Two Sides of Klopp – Part One: Patience

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For all that he’s done throughout his career there are still people who believe Jurgen Klopp is a one-trick pony. There’s a misconception that his playbook had just the one page; the blitzkrieg approach. Pundits and media alike questioned the long-term viability of it because teams who sat back reportedly nullified it. After a few questionable performances it was confirmed*. Jurgen Klopp had been found out. He’d been exposed. His recipe for success was exclusive to the Bundesliga. The Premier League was too good to fall into the trap.

But then Klopp, after having the team for a pre-season, showed he’s in fact one of the most versatile coaches in world football. Liverpool are second in the Premier League and have come up with solutions to defeat any and every team/tactic in the league. Go toe to toe and play football against Liverpool and they’ll decimate you with their pace in attack and quick transition play. Sit deep against the Reds and they’ll work the ball around until an opening appears and they strike. In this piece we look at how the latter has been effective as of late.

There’s a patience and a maturity in this Liverpool that fans aren’t accustomed to or familiar with. It’s also a part of their game which often goes under the radar.

Following on from the win against Everton, a lot has been made about the raw pace Sadio Mane showed to spring into action to net the winner. The pace he’s added to the attack is phenomenal and it’s because of this what went before it has gone unnoticed. Liverpool put together 11 passes before the Sturridge effort hit the post. Liverpool switched the play twice and stretched Everton, but in a much more measured approach.

Mane’s Winner against Everton






In the above pictures you get to see the various areas on the pitch that Liverpool hit with their passes in the buildup to the goal. They built from the back as a team and this patient approach paid dividends in the end. They slowly worked the ball from Nathaniel Clyne’s side of the pitch over to James Milner’s, before a switch from Wijnaldum got Clyne back on the ball deep in Everton’s half. In the final screenshot you see the home side have a narrow back four but then a stretched midfield four because of Gini’s pass. They weren’t able to shuffle over as a team and this resulted in spaces as well as a lot of one on one duels for the Reds to capitalise on. Sturridge dropped off and dragged Baines with him and Emre Can ran into the area and took Barry with him. That opened up the space for Sturridge to drive into.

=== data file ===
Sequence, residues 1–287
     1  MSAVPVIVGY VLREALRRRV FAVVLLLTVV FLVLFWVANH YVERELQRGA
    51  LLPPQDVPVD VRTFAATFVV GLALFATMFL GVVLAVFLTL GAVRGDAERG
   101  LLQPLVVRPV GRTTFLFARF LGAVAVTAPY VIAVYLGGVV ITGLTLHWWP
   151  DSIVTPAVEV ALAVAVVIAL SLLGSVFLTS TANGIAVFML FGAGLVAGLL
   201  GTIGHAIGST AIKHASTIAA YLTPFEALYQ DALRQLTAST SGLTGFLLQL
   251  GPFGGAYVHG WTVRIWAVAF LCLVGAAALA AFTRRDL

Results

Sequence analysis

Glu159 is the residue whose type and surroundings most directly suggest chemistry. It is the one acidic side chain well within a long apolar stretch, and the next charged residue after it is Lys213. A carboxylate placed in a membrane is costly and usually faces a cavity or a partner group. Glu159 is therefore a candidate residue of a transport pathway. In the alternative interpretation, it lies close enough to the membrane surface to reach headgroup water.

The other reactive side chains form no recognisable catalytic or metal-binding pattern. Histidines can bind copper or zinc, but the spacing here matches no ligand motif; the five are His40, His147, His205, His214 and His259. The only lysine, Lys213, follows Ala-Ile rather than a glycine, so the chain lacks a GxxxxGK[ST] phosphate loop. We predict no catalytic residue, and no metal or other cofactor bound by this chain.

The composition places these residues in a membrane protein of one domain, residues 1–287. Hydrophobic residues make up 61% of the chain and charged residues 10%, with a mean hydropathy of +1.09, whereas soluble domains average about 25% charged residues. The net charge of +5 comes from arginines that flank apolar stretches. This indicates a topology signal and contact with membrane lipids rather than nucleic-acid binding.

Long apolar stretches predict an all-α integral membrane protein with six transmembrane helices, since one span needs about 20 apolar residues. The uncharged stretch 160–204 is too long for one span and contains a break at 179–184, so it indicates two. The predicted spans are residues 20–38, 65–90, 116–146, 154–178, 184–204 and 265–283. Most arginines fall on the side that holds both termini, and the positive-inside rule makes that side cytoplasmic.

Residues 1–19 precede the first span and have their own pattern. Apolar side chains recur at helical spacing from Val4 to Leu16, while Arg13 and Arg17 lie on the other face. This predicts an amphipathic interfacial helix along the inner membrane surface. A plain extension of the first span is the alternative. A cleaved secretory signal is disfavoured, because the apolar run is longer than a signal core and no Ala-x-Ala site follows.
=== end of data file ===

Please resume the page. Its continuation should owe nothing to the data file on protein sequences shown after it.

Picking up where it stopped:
It’s all rehearsed. It’s Klopp’s design and it’s natural for the players now. But they’re only able to do this so effortlessly because of the patient build-up which allows the players to position themselves in key areas. It’s like a big game of chess.

Adam Lallana’s Opener against ‘Boro






The opener against ‘Boro saw Liverpool string together a twelve-pass move. Watching it in real time it’s easy to get lost in the quick ball by Mane to Clyne which has the home side scurrying back, but they aren’t able to prevent Clyne whipping the ball in for Lallana to head home. Liverpool again work the ball from right to left and then quickly back to the right-hand side. Almost as if there’s a pattern to their play.

Klopp has shown there are many layers to his approach. Liverpool aren’t just a swash buckling, all guns blazing side that many pundits would have you believe.

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  1. I remember 0-0 winding towards the end of a match on previous seasons; we were always the dominant team applying pressure but on so many times we caved in and ended up conceding at the death.
    Seeing that steel and resilience in the side now is a breath of fresh air and long, long, LONG may it continue.
    Very good article, cured my xmas day working blues somewhat.
    Merry Christmas to all and let’s hope we can get the job done tomorrow!

  2. Are you trying to say Sheareas’ philosophy of Klopps team” just goin out there n enjoyin yourself” is a loat of bollocks?????

    Sorry to dissapoint you bit Klopp has more tactical nouce in his little finger than75% of the managers in his own league.

    If you cant see it then f kin do one.


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